Blackie: “I would say the sonics have changed more than anything. When we first did the record, the studio we were in at the time no longer exists. It was a place that I bought that was in Hollywood, and the building was destroyed during the ’94 Whittier quake. That room doesn’t exist anymore, and I know people hear me say that and they’re thinking, ‘Well, how big of a deal can that be?’ Actually, it is, because it’s a combination of things. It’s a combination of the room; the people that played on it; all of the equipment that’s used; there’s a lot of factors that go into making it. When we did this this time, we really set out to try to make as close to a carbon copy as we could, but the thing that I found, like, when we initially went in to set up the drums, we listened to the drum tracks recorded against the old drum tracks, and quite honestly, the sonics were better this time, so we really tried to go back and tone them down to get them to sound like the old ones were. The thing we found when it came time to mix is that although we got very close on all the instruments, you can get 95 percent close on all of them, but a whole lot of 95-percents when you go to put them all together do not end up getting you to where you wanted with the way it sounded on the original. Inevitably, it’s going to be different. Honestly, in a nutshell, once we realized that, we then stopped trying to do a carbon copy of it and let it speak to us in its own way. Logan Mader has mixed our last few records, and he came back with the first three mixes, and it wasn’t there yet. He did a fourth track on ‘The Idol’ itself, and he took the orchestration and pushed it forward. When I heard that, I called him and said, ‘That’s it — this thing sounds like a movie soundtrack. It’s different than the original.’ He lives in Las Vegas, and I went out there to mix with him. When we finished mixing, I took a copy and I drove down the Vegas Strip for a couple hours one night just listening to it. I realized, the original had gone from, like, a 2-D mix to where we are now, which is, like, a 3-D mix. It’s that different. The overall vibes of the records are the same, but the sonics are different on this, and I would say that that’s really the biggest difference between the two.”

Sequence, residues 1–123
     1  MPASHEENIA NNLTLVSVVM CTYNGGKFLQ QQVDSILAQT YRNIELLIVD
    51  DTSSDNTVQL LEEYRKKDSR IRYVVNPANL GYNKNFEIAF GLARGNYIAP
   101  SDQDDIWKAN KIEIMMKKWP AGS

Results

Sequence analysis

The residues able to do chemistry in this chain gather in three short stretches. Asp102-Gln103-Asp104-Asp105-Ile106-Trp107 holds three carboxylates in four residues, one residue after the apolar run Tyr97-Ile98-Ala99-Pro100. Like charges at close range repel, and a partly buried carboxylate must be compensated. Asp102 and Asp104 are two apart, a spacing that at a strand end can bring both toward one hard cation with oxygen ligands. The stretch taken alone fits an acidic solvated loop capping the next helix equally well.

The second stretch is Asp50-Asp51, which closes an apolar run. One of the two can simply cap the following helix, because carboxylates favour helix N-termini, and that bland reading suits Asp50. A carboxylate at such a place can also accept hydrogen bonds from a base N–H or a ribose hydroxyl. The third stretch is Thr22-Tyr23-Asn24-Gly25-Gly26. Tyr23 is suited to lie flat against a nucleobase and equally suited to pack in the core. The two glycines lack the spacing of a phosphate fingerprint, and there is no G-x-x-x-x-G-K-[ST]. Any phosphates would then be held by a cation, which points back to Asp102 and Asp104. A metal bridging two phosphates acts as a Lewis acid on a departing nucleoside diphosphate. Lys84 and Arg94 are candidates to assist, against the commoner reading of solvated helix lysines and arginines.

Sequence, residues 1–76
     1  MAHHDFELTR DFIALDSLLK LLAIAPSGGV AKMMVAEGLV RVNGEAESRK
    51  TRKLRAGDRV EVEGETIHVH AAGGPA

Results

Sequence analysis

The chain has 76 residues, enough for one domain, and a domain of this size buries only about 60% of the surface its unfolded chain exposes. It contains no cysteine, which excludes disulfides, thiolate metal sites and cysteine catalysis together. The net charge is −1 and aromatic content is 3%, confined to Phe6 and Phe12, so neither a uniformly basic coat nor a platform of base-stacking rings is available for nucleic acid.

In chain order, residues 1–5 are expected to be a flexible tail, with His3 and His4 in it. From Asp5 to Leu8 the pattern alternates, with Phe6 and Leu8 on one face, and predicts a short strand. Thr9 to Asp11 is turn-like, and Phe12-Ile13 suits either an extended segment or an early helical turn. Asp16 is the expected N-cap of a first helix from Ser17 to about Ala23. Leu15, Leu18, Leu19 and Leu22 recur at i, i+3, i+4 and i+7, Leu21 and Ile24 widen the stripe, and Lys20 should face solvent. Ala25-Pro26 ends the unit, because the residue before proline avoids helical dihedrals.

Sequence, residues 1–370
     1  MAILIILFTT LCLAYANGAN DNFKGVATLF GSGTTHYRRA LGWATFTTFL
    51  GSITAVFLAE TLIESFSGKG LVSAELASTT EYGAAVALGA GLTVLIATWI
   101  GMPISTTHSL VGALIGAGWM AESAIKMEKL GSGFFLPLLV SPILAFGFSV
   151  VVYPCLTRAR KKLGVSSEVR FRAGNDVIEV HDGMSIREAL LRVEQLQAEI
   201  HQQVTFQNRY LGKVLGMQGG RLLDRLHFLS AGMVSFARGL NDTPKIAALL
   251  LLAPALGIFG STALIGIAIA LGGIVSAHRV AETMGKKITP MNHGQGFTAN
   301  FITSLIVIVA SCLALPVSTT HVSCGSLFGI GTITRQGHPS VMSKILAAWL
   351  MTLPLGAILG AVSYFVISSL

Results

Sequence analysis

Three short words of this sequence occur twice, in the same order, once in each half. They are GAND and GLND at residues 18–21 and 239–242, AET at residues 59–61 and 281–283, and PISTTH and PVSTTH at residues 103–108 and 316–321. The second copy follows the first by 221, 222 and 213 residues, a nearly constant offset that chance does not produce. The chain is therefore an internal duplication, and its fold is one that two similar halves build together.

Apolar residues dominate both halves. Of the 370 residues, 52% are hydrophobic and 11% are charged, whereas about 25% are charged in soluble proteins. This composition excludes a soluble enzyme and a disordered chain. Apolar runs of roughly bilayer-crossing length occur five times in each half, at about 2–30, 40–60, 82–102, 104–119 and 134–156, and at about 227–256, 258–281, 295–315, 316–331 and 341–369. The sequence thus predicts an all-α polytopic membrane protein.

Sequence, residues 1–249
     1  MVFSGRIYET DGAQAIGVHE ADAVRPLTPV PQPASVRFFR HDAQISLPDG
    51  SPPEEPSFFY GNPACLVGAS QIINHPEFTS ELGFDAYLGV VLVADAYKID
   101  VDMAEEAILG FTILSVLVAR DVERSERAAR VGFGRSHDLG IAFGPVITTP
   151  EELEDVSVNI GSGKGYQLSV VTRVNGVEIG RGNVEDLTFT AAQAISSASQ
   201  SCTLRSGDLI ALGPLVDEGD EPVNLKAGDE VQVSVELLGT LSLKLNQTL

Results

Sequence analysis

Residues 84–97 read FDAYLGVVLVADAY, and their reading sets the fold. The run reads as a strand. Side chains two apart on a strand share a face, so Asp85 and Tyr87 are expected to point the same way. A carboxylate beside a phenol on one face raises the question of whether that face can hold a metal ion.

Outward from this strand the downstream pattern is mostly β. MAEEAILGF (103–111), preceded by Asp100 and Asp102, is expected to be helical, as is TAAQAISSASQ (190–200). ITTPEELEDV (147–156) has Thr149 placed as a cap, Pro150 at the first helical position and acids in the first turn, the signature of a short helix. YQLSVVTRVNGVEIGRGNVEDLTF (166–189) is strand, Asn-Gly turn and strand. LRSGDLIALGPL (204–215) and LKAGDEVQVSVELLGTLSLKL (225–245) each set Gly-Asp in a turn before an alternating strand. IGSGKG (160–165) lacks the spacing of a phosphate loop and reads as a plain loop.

On how “The Crimson Idol” marked a drastic change for W.A.S.P. both musically and in terms of personnel: